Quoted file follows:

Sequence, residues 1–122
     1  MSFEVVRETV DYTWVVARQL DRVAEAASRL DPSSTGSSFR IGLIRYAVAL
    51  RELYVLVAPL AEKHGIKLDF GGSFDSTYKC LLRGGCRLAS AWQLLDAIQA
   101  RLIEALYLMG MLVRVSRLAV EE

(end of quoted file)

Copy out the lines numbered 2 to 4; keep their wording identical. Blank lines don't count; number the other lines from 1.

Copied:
     1  MSFEVVRETV DYTWVVARQL DRVAEAASRL DPSSTGSSFR IGLIRYAVAL
    51  RELYVLVAPL AEKHGIKLDF GGSFDSTYKC LLRGGCRLAS AWQLLDAIQA
   101  RLIEALYLMG MLVRVSRLAV EE